Hoping to acquire from a relative an unused 'central va' unit.
Welcome opinion as to whether this unit would be OK (with new ducting
to each main tool) for an occasional wood worker's shop dust
Prob. Three units; radial arm, sander, thickness planer. Not likely to
be used simultaneously.
Thanks for any comments pro/con. terry
Don't see why it wouldn't work. You may want to vent the outgoing
air to the outside. In my house, it wasn't installed that way.
After vacuuming the house, the unfinished basement had an odor from
the carpet. I routed it outside and no longer have any odor. In
your case, it might keep very fine dust from circulating around the
Discussed intermittently on rec.woodworking and similar fora.
Not likely to be very successful if at all. Cleaning vacuum systems
tend to not have sufficient air velocity/volume. If you keep duct runs
short and don't expect much you might help some w/ the sanding dust and
some saw dust but doubt if will do much good for planer.
But, if it's near zero cost, can't hurt to try but I'd not invest a lot
of effort/money into ductwork, etc., until tried it out w/ just a direct
connection to individual tools.
Good points, thank you.
Yes had even thought of installing it outside because cleaning out a
central vac unit inside the house seems to be very dusty process?
Also, maybe the low flow rate of a domestic vac. unit may be only
suitable for one (dust making) tool at a time?
Even the length of unused runs is going to make a difference in its
effectiveness. Try to establish some sort of gates as close to the main run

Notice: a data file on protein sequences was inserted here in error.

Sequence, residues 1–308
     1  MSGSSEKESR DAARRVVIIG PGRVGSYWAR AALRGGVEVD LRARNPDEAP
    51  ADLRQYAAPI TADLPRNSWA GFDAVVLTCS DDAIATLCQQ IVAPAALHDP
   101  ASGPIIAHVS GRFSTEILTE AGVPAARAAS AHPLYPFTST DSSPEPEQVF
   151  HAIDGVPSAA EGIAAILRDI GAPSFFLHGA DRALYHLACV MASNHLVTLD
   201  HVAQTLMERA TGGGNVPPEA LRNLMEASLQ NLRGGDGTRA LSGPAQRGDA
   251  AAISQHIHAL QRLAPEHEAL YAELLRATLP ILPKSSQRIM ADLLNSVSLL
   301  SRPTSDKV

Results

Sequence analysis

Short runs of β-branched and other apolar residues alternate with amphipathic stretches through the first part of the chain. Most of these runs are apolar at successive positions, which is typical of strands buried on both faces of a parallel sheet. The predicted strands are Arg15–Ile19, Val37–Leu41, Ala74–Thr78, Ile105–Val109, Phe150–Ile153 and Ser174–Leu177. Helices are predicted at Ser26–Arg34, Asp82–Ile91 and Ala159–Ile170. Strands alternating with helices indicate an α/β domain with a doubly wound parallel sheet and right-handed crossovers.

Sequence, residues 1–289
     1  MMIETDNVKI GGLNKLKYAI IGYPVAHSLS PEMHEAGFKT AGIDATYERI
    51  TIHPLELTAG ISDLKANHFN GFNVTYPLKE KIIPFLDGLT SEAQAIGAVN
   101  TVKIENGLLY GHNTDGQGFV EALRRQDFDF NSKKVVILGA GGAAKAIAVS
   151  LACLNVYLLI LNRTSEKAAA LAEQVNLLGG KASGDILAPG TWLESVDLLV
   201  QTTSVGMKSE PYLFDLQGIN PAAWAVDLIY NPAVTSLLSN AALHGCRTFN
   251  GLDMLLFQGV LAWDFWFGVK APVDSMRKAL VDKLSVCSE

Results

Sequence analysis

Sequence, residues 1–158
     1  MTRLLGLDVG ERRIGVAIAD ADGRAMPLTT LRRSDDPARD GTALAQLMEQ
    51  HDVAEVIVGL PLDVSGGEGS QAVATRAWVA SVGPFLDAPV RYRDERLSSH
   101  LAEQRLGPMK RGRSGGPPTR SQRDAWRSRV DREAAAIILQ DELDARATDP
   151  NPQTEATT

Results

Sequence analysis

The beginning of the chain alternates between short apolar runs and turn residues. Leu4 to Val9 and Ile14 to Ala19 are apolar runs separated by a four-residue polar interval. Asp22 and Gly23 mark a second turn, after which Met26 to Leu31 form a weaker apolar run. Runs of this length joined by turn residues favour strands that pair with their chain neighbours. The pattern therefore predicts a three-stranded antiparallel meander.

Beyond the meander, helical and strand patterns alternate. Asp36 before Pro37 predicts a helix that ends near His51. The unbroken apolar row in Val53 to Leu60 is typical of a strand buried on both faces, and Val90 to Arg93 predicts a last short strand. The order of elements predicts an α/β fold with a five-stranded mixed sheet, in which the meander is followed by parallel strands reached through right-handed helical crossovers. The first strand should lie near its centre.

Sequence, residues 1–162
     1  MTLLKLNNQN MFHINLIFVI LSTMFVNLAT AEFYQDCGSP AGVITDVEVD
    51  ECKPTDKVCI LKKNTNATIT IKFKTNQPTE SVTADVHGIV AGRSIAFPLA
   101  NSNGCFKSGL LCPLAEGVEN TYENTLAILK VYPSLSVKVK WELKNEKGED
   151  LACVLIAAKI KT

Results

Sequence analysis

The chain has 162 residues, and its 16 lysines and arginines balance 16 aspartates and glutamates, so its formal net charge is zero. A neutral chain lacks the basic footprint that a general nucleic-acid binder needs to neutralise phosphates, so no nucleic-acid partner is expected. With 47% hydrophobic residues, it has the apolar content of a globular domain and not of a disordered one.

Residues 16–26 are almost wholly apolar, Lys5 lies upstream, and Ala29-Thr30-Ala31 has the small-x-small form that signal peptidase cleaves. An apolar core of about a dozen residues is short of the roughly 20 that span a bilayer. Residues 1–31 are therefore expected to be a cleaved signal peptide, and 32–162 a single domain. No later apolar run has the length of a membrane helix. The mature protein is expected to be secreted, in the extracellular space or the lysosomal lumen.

so that you can close off what isn't being used. Closing off a gate right
at the tool would be easier but the length form the main to the tool is
going to have a reduction effect on the system. I believe that it's called
The tubing diameter is 2 inches and not the same stuff as standard 2
inch water PVC, you can get it from local vacuum suppliers it's a
thinwall PVC. As long as your inlet feed lines into the trunk are 2
inches or less you should not have to worry about sucking up a chunk
of scrap that will clog the whole system. Also when piping it make
sure all elbows enter at the topside of the trunk line and not simply
come up from the bottom. This way if something should get caught in
the line it wont roll back and be a rattle forever or be a clog that
wont pass. I cant draw a picture but when central vac lines are
installed the intlet lines always join the trunk by first going above
the trunk then elbow back down into the trunk line from the top. So
dirt gets sucked up higher than the trunk then gravity is available as
it enters the main trunk. Also vent to the outside as others have
mentioned, mufflers are available if you think the vent noise will
disturb the neighbor..
There's another issue w/ the central vac vis a vis dust collection
systems/shop vac's -- they're not intended for heavy particles and
blowing wood chips as opposed to dust bunnies is likely to drastically
I'd repeat recommendation to not sink much money into the experiment
until some early experiments at least show promise. I'm not saying for
small quantities it might not be of some use; just don't expect a
industrial central chip collection system. Even 1.5hp dust collection
systems tend to not be satisfactory as central shop systems for planers,
jointers, shapers, etc. The amount and size of chips is more than they
can handle except, perhaps, dedicated.
Actually, I've been using an old Sears
central vac for years in my basement shop.
I did have to replace the motor/fan once
in 35 years and that was probably
I picked up a lot of plaster dust, which
subsequently killed the bearings. The
comment about "not enough air" is true,
but for the average home use, it will
probably work, for the most part. I
have stuck the hose end in the bottom
of my table saw to grab fine dust ....
it worked ok. I have also connected it
to a belt sander with no problem. And
big stuff will get separated before
going into the fan (assuming it is a
To be a good dust collector, you need a lot of air flow. Generally,
you need a minimum of 1 HP. You can get better performance with
minimal ductwork. A dropbox or pre-cyclone will protect your vac
motor fins and reduce clog ups.
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